As the mixture of combustible crankcase emissions and air passes through pressure wave generator 87, this mixture is energized, thereby becoming directly atomized. In addition, the pressure waves propagate into the intake system, as represented by the dots between pressure wave generator 87 and carburetor 76, and atomize indirectly the combustible mixture entering the intake manifold from the carburetor. This indirect atomization is particularly effective when pressure wave generator 87 is a sonic wave generator that produces coherent sonic wave energy. In such case, the coherent sonic waves propagate into the intake system in an orderly fashion to form a standing wave veil across the outlet of carburetor 76 through which the combustible mixture formed in the carburetor must pass before entering the intake manifold. The result is that the combustible mixture from the carburetor is finely atomized. Although a shock wave generator is also an effective pressure wave generator, it is not as efficient as acoherent sonic wave generator. The shock waves are reflected haphazardly from the first obstruction in their path and then dissipate. Thus, their range is substantially less than the range of coherent sonic waves. The arrangement of FIG. 7 is claimed in application Ser. No. 158,915, filed July 1, 1971.

The term fluid as used herein refers to gas and also refers to liquid to the extent applicable.

The described embodiments of the invention are only considered to be preferred and illustrative of the inventive concept; the scope of the invention is not to be restricted to such embodiments. Various and numerous other arrangements may be devised by one skilled in the art without departing from the spirit and scope of this invention as defined in the claims. For example, the disclosed pressure wave generators can be used in applications other than the PCV return line of an internal combustion engine; and the axes of the transversely arranged shock wave generating cells can be other than perpendicular; and cavities 54 through 57 can have unequal sides, i.e., they can be hexahedral.

Reference is made to my application Ser. No. 217,124, filed Jan. 12, 1972, which claims part of the subject matter disclosed herein.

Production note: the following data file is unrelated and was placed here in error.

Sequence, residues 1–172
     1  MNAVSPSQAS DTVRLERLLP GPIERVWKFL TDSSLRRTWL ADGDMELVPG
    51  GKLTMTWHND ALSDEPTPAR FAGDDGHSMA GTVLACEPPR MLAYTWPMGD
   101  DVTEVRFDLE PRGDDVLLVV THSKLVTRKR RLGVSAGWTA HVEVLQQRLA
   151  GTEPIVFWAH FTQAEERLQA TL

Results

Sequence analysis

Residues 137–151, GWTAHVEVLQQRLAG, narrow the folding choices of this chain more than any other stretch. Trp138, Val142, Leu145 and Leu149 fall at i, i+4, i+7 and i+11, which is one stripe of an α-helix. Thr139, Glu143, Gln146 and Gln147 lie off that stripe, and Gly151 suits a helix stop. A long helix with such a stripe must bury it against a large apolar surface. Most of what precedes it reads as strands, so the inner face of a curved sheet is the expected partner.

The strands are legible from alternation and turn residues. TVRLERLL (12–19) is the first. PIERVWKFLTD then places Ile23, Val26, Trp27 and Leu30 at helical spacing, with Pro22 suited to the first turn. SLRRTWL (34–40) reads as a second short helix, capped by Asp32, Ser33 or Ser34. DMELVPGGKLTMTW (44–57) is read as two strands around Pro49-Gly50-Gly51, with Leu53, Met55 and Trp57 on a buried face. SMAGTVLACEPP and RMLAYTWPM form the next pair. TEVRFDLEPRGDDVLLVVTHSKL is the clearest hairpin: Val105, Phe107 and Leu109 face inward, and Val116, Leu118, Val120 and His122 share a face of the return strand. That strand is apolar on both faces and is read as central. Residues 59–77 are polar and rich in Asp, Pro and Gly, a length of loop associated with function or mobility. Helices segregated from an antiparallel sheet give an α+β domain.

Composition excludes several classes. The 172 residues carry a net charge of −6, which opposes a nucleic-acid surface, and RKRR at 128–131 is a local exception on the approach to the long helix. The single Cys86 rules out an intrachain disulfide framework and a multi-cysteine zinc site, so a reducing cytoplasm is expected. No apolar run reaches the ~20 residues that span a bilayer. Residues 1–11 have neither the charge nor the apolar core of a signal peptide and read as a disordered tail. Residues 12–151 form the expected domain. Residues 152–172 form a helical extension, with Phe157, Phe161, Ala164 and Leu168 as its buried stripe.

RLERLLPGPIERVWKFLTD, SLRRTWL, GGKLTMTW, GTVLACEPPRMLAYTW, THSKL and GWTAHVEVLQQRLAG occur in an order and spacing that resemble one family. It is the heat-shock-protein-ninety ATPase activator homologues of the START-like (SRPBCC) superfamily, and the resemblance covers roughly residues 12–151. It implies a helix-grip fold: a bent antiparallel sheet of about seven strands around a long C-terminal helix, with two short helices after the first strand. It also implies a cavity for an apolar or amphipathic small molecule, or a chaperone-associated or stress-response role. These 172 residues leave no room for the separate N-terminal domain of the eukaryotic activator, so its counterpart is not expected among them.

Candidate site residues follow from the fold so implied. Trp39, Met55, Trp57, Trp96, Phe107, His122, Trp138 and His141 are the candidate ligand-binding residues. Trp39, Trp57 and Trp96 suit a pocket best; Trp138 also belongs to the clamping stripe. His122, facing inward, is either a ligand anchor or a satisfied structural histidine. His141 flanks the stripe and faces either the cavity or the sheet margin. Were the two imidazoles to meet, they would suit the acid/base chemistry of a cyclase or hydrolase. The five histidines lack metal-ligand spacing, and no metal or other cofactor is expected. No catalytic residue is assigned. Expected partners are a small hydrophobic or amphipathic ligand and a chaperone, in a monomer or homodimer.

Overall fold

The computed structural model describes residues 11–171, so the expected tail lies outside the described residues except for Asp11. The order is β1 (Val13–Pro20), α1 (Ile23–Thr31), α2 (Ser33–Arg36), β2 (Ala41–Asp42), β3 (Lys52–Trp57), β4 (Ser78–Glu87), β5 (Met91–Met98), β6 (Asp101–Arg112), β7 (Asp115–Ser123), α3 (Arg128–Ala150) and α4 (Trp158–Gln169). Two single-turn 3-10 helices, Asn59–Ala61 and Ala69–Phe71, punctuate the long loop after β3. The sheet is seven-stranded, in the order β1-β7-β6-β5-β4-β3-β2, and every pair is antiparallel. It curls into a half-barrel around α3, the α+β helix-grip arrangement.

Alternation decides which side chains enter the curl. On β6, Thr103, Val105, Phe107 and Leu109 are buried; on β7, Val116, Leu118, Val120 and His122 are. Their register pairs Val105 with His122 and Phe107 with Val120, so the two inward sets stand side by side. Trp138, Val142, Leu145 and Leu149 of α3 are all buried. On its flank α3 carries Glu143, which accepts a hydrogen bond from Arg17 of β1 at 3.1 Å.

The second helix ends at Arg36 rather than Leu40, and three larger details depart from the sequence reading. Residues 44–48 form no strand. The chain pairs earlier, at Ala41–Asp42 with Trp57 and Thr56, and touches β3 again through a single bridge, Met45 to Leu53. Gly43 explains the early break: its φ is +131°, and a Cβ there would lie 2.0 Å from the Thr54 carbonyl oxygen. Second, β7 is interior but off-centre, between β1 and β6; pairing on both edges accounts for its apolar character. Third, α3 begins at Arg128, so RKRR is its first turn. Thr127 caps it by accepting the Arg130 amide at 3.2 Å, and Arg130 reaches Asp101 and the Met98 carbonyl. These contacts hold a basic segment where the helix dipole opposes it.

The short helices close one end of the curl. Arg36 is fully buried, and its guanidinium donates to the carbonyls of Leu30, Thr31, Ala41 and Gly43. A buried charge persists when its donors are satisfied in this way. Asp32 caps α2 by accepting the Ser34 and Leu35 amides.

What is claimed is:

l. A pressure wave generator comprising:

a first boundary layer formed shock wave generating cell having an outlet disposed about a longitudinal axis, the first cell producing at its outlet shock waves having a predetermined wavelength and a vertex that propagates along the longitudinal axis;

a second boundary layer formed shock wave generating cell having an outlet disposed about an axis transverse to and intersecting the longitudinal axis, the second cell producing at its outlet shock waves having a predetermined wavelength and a vertex that propagates along the transverse axis;

an enclosure forming a passage along the longitudinal axis, the outlets of the first and second cells being coupled to the passage so the shock waves produced by the first and second cells collide in the longitudinal passage at the point of intersection of the axes; the distance along the longitudinal axis between the outlet of the first cell and thepoint of intersection of the axes, along the transverse axis between the outlet of the second cell and the point of intersection of the axes, and the predetermined wavelengths of the shock wqves produced by the first and second cells all being multiples of a common divisor; and a reflective strip of material extending diametrically acrossthe passage in the path of the shock waves produced by the first cell, exits being formed by the spaces between the strip and the passage. 2. The pressure wave generator of claim 1, in which at least one hexahedral resonant cavity is formed in the enclosure in communication with the passage intersect- I ing the plane defined by the reflective strip, the sides of the cavity being multiples of the common divisor.

3. The pressure wave generator of claim 1, in which four cubicle resonant cavities are formed at 90 intervals around the enclsoure in communication with the longitudinal passage substantially in the plane defined by the reflective strip, the sides of the cavities being a multiple of the common divisor.

4. The pressure wave generator of claim 1, in which the longitudinal passage is cylindrical, the exit is a pair of semi-circular openings on either side of the strip, and the length and radius of the cylindrical passage are multiples of the common divisor.